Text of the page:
In this episode, Gray Sutanto and I talk about Herman Bavinck. I think you may be surprised at Bavinck’s theological vision.
The quality of Zondervan’s book, from the cover art, to the colour pages, even up to the beautiful design within the book makes this new textbook on the New Testament attractive. But added to Zondervan’s intelligent design, two Protestant New Testament scholars have provided an introductory yet still robust introduction to the New Testament.
In one sense, The New Testament And Its World appears to be an effort at summarizing the historical and exegetical work of N. T. Wight over the years. But readers will detect the influence of Michael Bird as well. For example, in a chapter on the pastoral epistles, N. T. Wright is noted as arguing for the authenticity of 2 Timothy; the rest of the argument for the authenticity of 1 Timothy and Titus almost certainly comes from the hand of Bird.
However, it is fairly obvious that TNTAIW basically summarizes and repackages Wight’s voluminous writings and research into the New Testament and its world. For that reason alone, the volume may be worth a purchase. [Read more…] about Review of the New Testament And Its World by Wright and Bird
In this episode, Fred Sanders and I discuss the Trinity and how the Scripture speaks of the Trinity.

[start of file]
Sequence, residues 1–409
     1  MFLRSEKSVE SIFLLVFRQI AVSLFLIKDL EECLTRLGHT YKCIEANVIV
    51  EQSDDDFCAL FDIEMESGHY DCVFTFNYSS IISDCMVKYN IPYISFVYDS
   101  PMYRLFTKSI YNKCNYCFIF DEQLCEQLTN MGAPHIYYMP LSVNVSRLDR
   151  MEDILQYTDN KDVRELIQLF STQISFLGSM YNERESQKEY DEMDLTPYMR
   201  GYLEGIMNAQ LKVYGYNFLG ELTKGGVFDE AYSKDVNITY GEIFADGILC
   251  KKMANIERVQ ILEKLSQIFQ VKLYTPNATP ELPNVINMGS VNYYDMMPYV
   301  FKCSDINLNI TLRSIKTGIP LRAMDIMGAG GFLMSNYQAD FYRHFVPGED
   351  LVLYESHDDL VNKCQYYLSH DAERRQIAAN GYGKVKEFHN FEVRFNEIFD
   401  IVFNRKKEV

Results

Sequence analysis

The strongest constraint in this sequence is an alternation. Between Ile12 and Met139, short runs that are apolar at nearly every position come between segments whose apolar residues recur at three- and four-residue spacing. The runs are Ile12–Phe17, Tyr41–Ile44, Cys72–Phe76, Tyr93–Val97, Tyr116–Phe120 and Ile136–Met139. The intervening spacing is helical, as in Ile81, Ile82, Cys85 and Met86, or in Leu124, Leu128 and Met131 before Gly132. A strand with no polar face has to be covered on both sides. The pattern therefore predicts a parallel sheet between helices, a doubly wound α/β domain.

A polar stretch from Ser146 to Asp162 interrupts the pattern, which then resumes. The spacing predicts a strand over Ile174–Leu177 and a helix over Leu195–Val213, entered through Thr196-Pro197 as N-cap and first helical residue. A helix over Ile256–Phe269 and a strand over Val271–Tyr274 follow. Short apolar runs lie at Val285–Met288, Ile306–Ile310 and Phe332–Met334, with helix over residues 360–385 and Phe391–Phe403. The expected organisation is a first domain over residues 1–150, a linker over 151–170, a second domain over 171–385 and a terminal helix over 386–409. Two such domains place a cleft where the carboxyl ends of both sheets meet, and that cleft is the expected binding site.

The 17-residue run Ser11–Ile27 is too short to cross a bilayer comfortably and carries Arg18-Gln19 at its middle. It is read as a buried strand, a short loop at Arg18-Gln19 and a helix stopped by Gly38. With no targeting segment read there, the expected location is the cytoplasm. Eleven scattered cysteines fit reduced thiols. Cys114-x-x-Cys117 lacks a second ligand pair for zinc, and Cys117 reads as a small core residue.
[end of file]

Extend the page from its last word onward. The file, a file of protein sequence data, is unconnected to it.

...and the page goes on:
Make sure to subscribe to the podcast on Spotify and/or Apple Podcasts. Also, see the host page at Anchor. And bookmark this page to see every episode. [Read more…] about Episode 11: Fred Sanders on the Trinity
In this episode, Matt Emerson and I talk about Baptist catholicity and the retrieval of classical theology. I hope you enjoy the talk!
While Evangelicals value the separation of the church’s worship and the state’s intervention, the notion that Christian theology is a-political has finally run its course. The rise of misinformation in political media, coupled to the credulity of Christians when it comes to conspiracy theories, shows the need for a robust political theology. [Read more…] about 2020 has shown our need for a robust political theology
Robert Alter’s translation of the Hebrew Bible is a delight to read, and his notes skillfully assist readers in understanding the text. That said, the notes have a limited purpose (mainly literary in focus) and the translation, while faithful and artistic, exposes readers to the oddity that is Hebrew prose and poetry. This exposure may jar readers used to translations like the NIV. [Read more…] about Robert Alter’s translation of the Hebrew Bible